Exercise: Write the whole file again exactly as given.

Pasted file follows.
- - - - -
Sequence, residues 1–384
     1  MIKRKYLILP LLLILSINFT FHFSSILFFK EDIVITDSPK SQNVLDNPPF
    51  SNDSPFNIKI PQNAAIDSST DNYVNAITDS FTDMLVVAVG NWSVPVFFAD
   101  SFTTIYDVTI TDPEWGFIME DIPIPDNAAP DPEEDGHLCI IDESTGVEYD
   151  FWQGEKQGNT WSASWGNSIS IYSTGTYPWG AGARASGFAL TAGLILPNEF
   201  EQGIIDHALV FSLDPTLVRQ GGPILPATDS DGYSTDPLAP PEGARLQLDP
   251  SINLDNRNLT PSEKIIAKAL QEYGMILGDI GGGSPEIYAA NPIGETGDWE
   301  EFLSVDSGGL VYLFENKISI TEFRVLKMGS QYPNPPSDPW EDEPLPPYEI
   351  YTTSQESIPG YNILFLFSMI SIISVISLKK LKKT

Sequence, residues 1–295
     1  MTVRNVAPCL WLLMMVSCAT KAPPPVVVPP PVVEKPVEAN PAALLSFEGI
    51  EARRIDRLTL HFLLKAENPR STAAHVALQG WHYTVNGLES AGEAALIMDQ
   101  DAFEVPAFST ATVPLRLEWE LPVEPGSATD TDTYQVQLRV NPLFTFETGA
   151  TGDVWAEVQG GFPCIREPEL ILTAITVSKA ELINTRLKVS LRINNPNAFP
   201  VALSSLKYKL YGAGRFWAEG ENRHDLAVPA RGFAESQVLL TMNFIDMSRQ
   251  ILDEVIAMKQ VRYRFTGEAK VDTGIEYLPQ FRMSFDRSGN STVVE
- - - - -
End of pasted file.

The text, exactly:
Sequence, residues 1–384
     1  MIKRKYLILP LLLILSINFT FHFSSILFFK EDIVITDSPK SQNVLDNPPF
    51  SNDSPFNIKI PQNAAIDSST DNYVNAITDS FTDMLVVAVG NWSVPVFFAD
   101  SFTTIYDVTI TDPEWGFIME DIPIPDNAAP DPEEDGHLCI IDESTGVEYD
   151  FWQGEKQGNT WSASWGNSIS IYSTGTYPWG AGARASGFAL TAGLILPNEF
   201  EQGIIDHALV FSLDPTLVRQ GGPILPATDS DGYSTDPLAP PEGARLQLDP
   251  SINLDNRNLT PSEKIIAKAL QEYGMILGDI GGGSPEIYAA NPIGETGDWE
   301  EFLSVDSGGL VYLFENKISI TEFRVLKMGS QYPNPPSDPW EDEPLPPYEI
   351  YTTSQESIPG YNILFLFSMI SIISVISLKK LKKT

Sequence, residues 1–295
     1  MTVRNVAPCL WLLMMVSCAT KAPPPVVVPP PVVEKPVEAN PAALLSFEGI
    51  EARRIDRLTL HFLLKAENPR STAAHVALQG WHYTVNGLES AGEAALIMDQ
   101  DAFEVPAFST ATVPLRLEWE LPVEPGSATD TDTYQVQLRV NPLFTFETGA
   151  TGDVWAEVQG GFPCIREPEL ILTAITVSKA ELINTRLKVS LRINNPNAFP
   201  VALSSLKYKL YGAGRFWAEG ENRHDLAVPA RGFAESQVLL TMNFIDMSRQ
   251  ILDEVIAMKQ VRYRFTGEAK VDTGIEYLPQ FRMSFDRSGN STVVE